DRYDEN: Are you really going to give them artillery, sir?

BRIGHTON: I was wondering that, sir. Might be deuced difficult to get it back again.

DRYDEN: Give them artillery and you’ve made them independent.

ALLENBY: Then I can’t give them artillery, can I?

DRYDEN: For you to say, sir.

ALLENBY: No it’s not. I’ve got orders to obey, thank God. Not like that poor devil. He’s riding the whirlwind.

DRYDEN: Let’s hope we’re not.

What’s interesting is how the earlier film allows you to think that this attitude (that there are limits to how much aid a military superpower should give to the natives who help it, lest the natives turn that aid back against the superpower that gave it to them) is somewhat condescending or paternalistic, whereas the new film is arguably somewhat sympathetic to this attitude.

Disney cartoons, aspect ratios, bad transfers.

David Bordwell posted an interesting item recently on the various aspect ratios used by Jean-Luc Godard, and the difficulties that arise when projectionists and DVD producers try to crop them or mask them to fit standard screens. I am glad I am not a Godard buff, and so I do not have to grind my teeth every time a poorly framed DVD of one of his films comes out — but I feel a similar frustration whenever I see a new ‘Walt Disney Treasures‘ set.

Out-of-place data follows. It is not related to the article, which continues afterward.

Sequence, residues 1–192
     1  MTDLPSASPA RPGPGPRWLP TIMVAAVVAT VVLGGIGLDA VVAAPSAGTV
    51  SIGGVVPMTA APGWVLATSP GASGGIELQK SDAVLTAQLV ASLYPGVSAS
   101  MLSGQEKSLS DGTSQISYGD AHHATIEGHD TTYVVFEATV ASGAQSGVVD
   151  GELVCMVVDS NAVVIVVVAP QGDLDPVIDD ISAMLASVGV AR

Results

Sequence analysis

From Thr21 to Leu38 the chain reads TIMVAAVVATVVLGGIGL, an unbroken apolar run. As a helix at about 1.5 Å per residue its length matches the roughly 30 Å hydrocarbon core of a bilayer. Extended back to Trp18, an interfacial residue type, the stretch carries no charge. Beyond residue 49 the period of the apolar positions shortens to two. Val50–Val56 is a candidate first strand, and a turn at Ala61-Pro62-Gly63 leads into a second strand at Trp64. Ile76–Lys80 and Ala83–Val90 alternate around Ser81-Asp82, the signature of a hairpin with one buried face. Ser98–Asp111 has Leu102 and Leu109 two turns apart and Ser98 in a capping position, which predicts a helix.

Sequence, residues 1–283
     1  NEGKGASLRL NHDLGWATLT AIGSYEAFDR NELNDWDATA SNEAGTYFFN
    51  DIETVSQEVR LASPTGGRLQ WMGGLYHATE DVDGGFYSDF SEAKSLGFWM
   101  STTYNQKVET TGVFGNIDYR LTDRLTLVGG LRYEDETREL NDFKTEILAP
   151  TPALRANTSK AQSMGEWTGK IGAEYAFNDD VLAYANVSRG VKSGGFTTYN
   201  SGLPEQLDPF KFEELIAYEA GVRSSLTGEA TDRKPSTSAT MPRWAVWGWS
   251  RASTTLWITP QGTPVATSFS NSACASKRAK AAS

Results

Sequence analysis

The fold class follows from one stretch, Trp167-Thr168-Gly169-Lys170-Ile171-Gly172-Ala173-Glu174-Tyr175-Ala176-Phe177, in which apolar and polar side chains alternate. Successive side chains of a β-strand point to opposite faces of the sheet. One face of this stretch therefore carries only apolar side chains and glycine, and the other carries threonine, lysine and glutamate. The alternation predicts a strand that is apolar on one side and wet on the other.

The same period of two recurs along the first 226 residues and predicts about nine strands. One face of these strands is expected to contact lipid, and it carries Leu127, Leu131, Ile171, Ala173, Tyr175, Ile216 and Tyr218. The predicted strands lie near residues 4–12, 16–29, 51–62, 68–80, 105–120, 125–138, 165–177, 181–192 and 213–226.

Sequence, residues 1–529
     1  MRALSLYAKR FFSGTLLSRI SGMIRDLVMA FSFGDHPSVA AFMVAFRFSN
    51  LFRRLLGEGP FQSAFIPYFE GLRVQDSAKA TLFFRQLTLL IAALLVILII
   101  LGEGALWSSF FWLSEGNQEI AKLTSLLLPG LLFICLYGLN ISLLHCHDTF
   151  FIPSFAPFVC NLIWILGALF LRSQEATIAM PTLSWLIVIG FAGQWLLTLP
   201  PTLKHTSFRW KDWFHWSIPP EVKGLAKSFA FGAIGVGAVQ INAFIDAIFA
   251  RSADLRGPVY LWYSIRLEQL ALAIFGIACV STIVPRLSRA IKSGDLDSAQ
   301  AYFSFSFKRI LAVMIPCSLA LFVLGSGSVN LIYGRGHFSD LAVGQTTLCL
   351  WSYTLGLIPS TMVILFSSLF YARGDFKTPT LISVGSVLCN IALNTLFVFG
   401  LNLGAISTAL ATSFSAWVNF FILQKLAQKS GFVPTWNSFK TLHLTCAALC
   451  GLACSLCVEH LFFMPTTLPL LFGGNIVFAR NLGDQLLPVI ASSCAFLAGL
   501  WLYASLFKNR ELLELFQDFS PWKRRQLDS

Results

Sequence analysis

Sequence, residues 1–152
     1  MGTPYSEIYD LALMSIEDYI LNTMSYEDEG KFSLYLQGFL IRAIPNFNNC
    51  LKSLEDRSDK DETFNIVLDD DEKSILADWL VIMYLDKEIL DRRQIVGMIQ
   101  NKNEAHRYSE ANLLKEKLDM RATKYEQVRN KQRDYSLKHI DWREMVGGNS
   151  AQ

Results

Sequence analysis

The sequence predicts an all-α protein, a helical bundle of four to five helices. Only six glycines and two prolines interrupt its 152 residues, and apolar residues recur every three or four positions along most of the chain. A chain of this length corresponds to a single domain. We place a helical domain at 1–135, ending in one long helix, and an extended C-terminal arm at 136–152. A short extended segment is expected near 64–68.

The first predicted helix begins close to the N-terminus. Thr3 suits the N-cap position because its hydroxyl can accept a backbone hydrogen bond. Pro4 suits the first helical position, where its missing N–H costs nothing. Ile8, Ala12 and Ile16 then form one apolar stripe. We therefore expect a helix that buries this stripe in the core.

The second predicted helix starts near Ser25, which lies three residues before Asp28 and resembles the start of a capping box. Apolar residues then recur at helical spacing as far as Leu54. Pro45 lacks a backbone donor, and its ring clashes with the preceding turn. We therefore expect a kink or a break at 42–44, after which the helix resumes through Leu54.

I griped about this here and here when More Silly Symphonies: 1929 – 1938 came out last year, and the frustration continues with two new sets that came out earlier this month. I have only watched about half of The Chronological Donald Volume Three: 1947 – 1950 so far, but I can’t help thinking that at least some of these cartoons seem a little … pinched. Examples abound, but two screen captures from Drip Drippy Donald (1948), in which Donald Duck turns his head when the phone rings, will suffice for now:

Now, I suppose it is possible that the animators always intended for Donald’s face to be cut off like that by the edge of the frame, but somehow I doubt it.